Q-Tip Says His New Kennedy Center Role Helps 'Institutionalize Hip-Hop' A Tribe Called Quest frontman is the first artistic director for hip-hop culture at the Kennedy Center. He discusses the cultural levity of his appointment and the current political climate.
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Q-Tip Says His New Kennedy Center Role Helps 'Institutionalize Hip-Hop'

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Q-Tip Says His New Kennedy Center Role Helps 'Institutionalize Hip-Hop'

Q-Tip Says His New Kennedy Center Role Helps 'Institutionalize Hip-Hop'

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Finally today, a conversation with one of the most influential figures in hip-hop on the occasion of his new appointment at one of this country's most prestigious cultural institutions. Q-Tip is one of the founding members of A Tribe Called Quest. Along with Phife Dawg, Ali Shaheed Muhammad and Jarobi White, the group formed in the early '90s became one of hip-hop's trendsetters, introducing smooth beats and sharp social commentary inspired by the group's friendship and the issues of the day.


Q-TIP: (Rapping) Back in the days on the boulevard of Linden, we used to kick routines and the presence was fitting. It was I, The Abstract.

PHIFE DAWG: (Rapping) And me, the 5-footer. I kicks the mad style, so step off the frankfurter.

MARTIN: Last year, the group released what would turn out to be its final album, "We Got It From Here... Thank You 4 Your Service," after the death of Phife Dawg. But now, Q-Tip, the group's unofficial leader, has a new, and maybe for some, eyebrow raising role. He's been named the first artistic director of hip-hop culture at the Kennedy Center for the Performing Arts here in Washington, D.C., a venue better known for more traditional offerings such as opera and ballet. Q-Tip launched the center's inaugural season Friday night in a musical collaboration with his friend, pianist Jason Moran, who is the artistic director for jazz at the Kennedy Center.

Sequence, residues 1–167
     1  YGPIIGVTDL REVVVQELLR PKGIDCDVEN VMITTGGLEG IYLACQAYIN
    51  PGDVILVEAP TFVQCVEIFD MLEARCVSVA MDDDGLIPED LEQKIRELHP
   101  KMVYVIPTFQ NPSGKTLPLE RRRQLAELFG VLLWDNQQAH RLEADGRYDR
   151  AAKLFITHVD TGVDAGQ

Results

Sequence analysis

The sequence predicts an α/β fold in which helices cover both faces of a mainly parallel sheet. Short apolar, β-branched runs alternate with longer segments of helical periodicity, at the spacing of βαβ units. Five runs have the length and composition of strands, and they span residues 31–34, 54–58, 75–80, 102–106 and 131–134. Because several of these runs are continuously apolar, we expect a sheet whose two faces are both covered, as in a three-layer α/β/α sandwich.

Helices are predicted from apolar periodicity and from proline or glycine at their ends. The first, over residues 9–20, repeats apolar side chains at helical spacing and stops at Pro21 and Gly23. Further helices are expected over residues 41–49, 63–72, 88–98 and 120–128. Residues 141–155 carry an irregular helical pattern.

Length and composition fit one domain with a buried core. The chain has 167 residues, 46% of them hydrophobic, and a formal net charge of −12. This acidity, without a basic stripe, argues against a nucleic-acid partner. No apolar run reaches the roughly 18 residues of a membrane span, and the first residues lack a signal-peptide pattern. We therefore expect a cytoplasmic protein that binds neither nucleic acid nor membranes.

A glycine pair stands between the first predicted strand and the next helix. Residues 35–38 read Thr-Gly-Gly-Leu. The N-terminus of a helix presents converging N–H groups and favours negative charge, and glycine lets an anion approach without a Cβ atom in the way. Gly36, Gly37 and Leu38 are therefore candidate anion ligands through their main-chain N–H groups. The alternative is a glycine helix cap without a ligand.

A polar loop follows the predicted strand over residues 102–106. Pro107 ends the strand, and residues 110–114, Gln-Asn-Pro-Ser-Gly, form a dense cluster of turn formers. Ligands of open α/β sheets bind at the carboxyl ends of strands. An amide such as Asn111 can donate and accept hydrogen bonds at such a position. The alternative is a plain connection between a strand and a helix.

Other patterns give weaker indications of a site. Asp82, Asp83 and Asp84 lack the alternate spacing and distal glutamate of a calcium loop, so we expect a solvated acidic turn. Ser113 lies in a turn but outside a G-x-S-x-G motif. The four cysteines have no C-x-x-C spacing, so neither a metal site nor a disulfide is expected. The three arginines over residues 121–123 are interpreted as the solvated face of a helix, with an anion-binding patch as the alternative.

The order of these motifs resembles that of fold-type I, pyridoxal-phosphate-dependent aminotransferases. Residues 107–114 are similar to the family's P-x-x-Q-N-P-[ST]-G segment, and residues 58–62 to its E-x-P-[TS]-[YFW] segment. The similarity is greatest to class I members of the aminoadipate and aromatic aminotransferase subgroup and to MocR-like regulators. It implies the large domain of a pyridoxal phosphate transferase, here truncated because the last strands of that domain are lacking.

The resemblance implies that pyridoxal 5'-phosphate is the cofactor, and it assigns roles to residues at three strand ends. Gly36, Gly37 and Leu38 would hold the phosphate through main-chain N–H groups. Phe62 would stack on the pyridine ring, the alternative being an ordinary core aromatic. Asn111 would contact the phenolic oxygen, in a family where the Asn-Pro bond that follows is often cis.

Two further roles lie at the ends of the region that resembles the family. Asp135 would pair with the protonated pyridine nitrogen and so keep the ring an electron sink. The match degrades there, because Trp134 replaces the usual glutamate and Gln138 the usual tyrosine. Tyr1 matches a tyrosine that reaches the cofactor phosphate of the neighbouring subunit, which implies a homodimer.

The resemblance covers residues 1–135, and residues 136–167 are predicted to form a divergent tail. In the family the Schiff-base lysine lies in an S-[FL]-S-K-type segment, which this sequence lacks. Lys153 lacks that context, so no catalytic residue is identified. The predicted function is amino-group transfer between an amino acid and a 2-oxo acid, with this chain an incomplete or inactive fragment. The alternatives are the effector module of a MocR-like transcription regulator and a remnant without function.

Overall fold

Q-Tip was kind enough to sit down with us as he prepared for his performance even though he was fighting off a bad cold, as you will hear. And I started our conversation by asking him how he was coping with the loss of his close friend and longtime collaborator, Phife Dawg.

Q-TIP: It's been difficult. But it's good because we're here and it's been a lot of growth into adversity. Once you realize you can get past it, it shapes and builds your character. And that's something more than a silver lining. It's a blessing. So although we have emotional bouts with it as humans, whatever, it's been a value or good value.

MARTIN: So that kind of leads nicely to this new platform, your role at the Kennedy Center. What are your thoughts initially about what you hope to do with this? And first of all, I have to ask if you are surprised that the Kennedy Center was interested in offering this kind of a platform to hip-hop?

Q-TIP: No, not surprised. It's inevitable. You know, the culture and the music has gotten so big. I think it's a great opportunity for this country in a lot of different ways that a historic institution for arts such as the Kennedy Center, that they want to, in so many words, institutionalize hip-hop because for so long, the creators and the practitioners of the form were looked at as degenerates, uneducated hoodlums, you know, saying - provocateurs, cop killers, rapers, you know, misogynists - like all these different labels.

So through all the black and blues, to be able to have the K Center wrap up hip-hop and claim it like jazz before it and blues before it and so forth is a part of like a true American art form to kind of investigate not only the rich foundation of hip-hop and his beginnings or whatever, but it helps people who may not be from this world to understand truly the complexity - what black complexity is.